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Departing Labour councillor criticises 'autocratic' leadership as he resigns from the party

Tallaght councillor Mick Duff criticised the party’s ‘reprehensible’ silence on housing.

Tallaght councillor Mick Duff has quit the Labour party, saying leader Brendan Howlin has failed on housing.
Tallaght councillor Mick Duff has quit the Labour party, saying leader Brendan Howlin has failed on housing.
Image: Courtesy Mick Duff/Facebook

LABOUR COUNCILLOR MICK Duff has resigned from the party saying the appointment of Brendan Howlin as leader has had a “detrimental effect on the morale” of the organisation. 

Duff’s announcement comes just days after fellow south Dublin county councillor Martina Genockey also handed in her notice to the Labour party. 

In an open letter posted to his Facebook page Duff outlines the reasons for his decision, mainly the promotion and leadership of Brendan Howlin. 

Speaking to TheJournal.ie tonight Duff said that Howlin handed over the opposition position in the Dáil to the extreme left: 

To take two and a half years to come out with a policy on homelessness is reprehensible.
We needed a rottweiler in opposition, instead we handed over (the issue) to the extreme left, we should have been that voice.

Duff described Howlin as, “an excellent parliamentarian, a great politician and a great servant to the party”.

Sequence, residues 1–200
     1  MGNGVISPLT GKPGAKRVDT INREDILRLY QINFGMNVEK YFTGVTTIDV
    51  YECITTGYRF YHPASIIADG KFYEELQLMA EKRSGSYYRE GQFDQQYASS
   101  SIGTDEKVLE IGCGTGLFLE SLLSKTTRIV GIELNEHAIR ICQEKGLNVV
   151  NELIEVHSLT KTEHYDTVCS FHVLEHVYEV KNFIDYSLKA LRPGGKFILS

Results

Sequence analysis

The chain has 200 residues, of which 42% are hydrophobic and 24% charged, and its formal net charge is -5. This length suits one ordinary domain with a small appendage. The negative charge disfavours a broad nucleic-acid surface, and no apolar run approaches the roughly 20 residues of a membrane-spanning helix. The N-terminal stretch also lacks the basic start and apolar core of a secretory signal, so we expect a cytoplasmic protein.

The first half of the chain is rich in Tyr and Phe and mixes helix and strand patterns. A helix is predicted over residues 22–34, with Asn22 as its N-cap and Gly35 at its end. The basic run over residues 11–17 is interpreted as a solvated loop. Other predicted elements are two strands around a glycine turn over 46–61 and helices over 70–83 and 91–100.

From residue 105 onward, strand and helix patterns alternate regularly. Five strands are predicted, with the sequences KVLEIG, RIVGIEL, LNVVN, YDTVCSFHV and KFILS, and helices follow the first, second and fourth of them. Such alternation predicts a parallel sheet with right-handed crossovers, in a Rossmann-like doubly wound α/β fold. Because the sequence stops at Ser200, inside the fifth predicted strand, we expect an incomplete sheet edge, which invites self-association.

However he said the Labour leader lost the party’s core support, those affected directly by the housing crisis. 

Brendan has failed us on the housing crisis. In his very first speech as leader he talked about Brexit, northern Ireland and business, housing was last. That set the agenda for how the party would handle the crisis. 

Duff has welcomed Labour’s new housing policy document, but said it’s “two-and-a-half-years too late”. 

The discontent amongst party members Duff said comes down to how Brendan Howlin became leader. He was elected to the post by his parliamentary party colleagues, and not what had been the case in the past a full election involving grassroots members. 

In any form of voluntary organisation, you will always have a management team and Labour decided in 2016 it wanted, what I believe is an autocratic system. One leader, one voice.

Duff alleges that, that decision, remains a bone of contention to this day. 

He said he has been astounded at the level of empathy and support he’s received from across the political divide tonight, as he comes to terms with his decision. 

Duff will contest the next local election as an independent candidate. 

Howlin has been under pressure from the wider party including Deputy Alan Kelly for the last number of months, and is facing calls to step aside. Kelly had put himself forward for leadership of the party previously and is expected to contest the position at the next available opportunity. 

TheJournal.ie has contacted Labour for comment. 

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